Wednesday, 16 August 2017

The greatest Western movie posters of all time (WARNING: scenes of violence and lashings of testosterone right from the start)

(...and sexual and racial stereotypes. There are very few women in it. Or black actors. This may upset some readers. My heart bleeds.)

Ty Hardin died earlier this month, aged 87. If you're below the age of 60, or if you didn't waste your childhood watching television, you might not be familiar with the name. If you're anything like me, you'll instantly recall him as Bronco Lane in the TV series, Bronco, which ran from 1958 to 1962. One of the first things my parents did after arriving in London in the late '50s was to rent a television set from Rediffusion (television hadn't been introduced in Norway by that time). For the next five years, I feasted on a western diet - Cheyenne, Maverick, Gunsmoke, Wagon Train, Wells Fargo,  The Rifleman, Bonanza, Rawhide, Wyatt Earp, The Lone Ranger, Laramie, Have Gun Will Travel, Davy Crockett... there was even a British-made series, Four Feather Falls, featuring puppets...

If there wasn't a TV western, the BBC or ITV would show an old Hollywood western to ensure we got our daily fix. How they managed to fit that lot in when there were only two channels, both of which didn't broadcast anything entertaining until the evenings on weekdays, and which shut down at midnight, is a a mystery.

Eventually, the stampede of horse operas put people off paying to watch cowboy movies at the cinema. Sergio Leone revived the genre by injecting lashings of violence, amorality and dodgy dubbing in the mid-'60s, and his star, Clint Eastwood, helped keep the western alive for the next two decades by refining the Leone formula, while the rest of Hollywood pitched in occasionally with notable films such as The Wild Bunch, Butch Cassidy & the Sundance Kid, True Grit and The Shootist - but most 1970s big budget westerns were laments for the passing of the Old West, and, in a way, for the passing of the genre itself, and of the traditional virtues - honour, courage, steadfastness, loyalty - which it once celebrated. At least half of the TCM channel's output seems to consist of black and white "oaters", but - I'm ashamed to admit - I rarely watch them. I'm not sure why: perhaps because, as with horror films, I once ODed on them.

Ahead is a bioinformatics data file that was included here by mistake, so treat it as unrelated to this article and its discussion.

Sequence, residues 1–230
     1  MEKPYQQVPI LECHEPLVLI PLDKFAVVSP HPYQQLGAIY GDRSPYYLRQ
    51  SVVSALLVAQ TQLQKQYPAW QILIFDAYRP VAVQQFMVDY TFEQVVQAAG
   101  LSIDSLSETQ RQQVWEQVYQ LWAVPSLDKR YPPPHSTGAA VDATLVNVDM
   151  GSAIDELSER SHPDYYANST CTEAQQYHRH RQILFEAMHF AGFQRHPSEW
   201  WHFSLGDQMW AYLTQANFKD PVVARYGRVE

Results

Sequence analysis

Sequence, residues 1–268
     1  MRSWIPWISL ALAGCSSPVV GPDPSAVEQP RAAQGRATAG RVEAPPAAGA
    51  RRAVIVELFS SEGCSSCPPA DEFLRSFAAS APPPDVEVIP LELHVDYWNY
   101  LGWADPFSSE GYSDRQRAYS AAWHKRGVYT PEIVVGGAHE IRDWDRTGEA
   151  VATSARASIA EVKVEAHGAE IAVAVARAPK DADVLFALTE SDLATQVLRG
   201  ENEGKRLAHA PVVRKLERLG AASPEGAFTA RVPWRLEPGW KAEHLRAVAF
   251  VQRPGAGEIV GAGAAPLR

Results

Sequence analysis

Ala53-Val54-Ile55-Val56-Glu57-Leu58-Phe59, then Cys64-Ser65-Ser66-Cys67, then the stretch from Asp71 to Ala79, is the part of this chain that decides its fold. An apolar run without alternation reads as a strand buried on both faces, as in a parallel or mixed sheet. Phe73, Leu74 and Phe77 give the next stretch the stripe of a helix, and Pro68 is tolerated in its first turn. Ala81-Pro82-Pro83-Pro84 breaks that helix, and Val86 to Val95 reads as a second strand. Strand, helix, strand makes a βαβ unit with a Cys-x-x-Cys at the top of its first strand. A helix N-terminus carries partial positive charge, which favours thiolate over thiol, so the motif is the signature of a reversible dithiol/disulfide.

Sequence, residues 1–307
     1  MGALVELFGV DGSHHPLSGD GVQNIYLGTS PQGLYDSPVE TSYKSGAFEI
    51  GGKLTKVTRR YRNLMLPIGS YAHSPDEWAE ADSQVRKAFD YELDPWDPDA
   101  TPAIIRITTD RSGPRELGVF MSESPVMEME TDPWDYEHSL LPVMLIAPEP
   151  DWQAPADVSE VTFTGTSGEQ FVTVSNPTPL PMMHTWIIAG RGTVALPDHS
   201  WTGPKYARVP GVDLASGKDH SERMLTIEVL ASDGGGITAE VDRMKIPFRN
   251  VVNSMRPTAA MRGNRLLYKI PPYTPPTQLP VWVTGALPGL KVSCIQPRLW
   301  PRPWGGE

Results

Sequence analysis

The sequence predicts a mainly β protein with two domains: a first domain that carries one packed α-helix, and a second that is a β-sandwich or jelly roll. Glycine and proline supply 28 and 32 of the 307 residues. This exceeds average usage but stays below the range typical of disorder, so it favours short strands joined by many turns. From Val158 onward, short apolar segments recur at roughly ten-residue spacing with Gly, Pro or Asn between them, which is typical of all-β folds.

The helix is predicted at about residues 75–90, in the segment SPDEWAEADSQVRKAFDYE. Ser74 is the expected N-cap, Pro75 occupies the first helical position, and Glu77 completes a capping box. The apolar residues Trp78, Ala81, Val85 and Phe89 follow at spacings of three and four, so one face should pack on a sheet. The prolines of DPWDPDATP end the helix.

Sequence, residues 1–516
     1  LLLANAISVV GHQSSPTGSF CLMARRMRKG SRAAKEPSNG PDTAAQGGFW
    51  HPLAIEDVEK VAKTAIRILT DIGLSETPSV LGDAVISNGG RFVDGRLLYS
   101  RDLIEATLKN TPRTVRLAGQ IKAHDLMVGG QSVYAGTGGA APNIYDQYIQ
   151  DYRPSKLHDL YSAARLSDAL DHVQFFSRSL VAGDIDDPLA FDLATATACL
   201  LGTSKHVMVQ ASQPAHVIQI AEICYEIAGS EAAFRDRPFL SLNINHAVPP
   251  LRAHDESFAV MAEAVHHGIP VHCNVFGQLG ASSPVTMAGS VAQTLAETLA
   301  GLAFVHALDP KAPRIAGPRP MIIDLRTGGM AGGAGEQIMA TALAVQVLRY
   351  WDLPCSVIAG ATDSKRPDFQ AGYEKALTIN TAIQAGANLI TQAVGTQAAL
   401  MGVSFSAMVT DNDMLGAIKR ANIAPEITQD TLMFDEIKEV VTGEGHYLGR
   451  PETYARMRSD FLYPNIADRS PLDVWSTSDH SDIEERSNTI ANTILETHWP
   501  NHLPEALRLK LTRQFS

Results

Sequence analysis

Whatever the reason for my lack of interest in the films themselves these days, I derive an enormous amount of pleasure from the posters. This selection isn't based on the quality of the films - just on the power of the artwork to evoke what made us fall in love with westerns in the first place.
Yes, Straw Dogs was set in Cornwall in the '70s - but it was essentially a Sam Peckinpah western:
Here are three posters featuring the Big Feller:
Here's Clint, preparing to welcome guests in the traditional manner:
Here, in a poster reflecting French priorities, Clint enjoys a beverage after taking care of his visitors:
Bottoms Up! I'll leave you with this magnificently atmospheric poster for 1980's The Long Riders :


  1. Can we hear it for Chuck Connors, please, "a man among men, his name spelt terror".

    Broco was regularly hit over the head with a chair or a whisky bottle but never suffered a headache. He was also forever being shot with a Colt 45. This was invariably described as no more than "a flesh wound". I understand that if a Mini doing 30 m.p.h. is hit in the engine block by the bullet from a Colt 45 it is stopped dead.

    1. If "Geronimo" spells "terror", I will have to question everything I've ever been taught. You're right, though - fabulous poster!

      What you're leaving out of the Bronco equation is that, if he'd been hit by a Mini going at 30 mph, he'd have been unharmed but the car would have a write-off.

  2. A wonderful walk down memory lane. I remember all of these films with great affection [haven't see "War Drum"].

    The reason the Western is dying is contained in all the characters featured in the posters. Or, as someone said : "Take care of Eastwood. He's the last Gary Cooper we've got." Did anybody ever see Johnny Depp as Tonto? Or "Brokeback Mountain" ? Bloody nerve.

    Defending the British corner I have two cavils. In the UK the title reads " 3:10 to Yuma has Been Delayed" and there is no mention of "Carry on Cowboy" [1965] with S.James [Johnny Finger], J.Sims [Belle Armitage] and J.Dale [Marshall Knut]. Great dialogue. Sample:

    Belle [looking at Finger's gun]: "My, you've got a big one!"
    Finger : "I'm from Texas, ma'am. We've all got big ones down there."

  3. There was also a TV western called 'Whiplash' which was a Brit/Aussie hybrid starring Peter Graves.Watching it as a kid I thought it was set somewhere in Texas or Wyoming,but it may have been Western Australia.
    Hattie Jacques was not in it.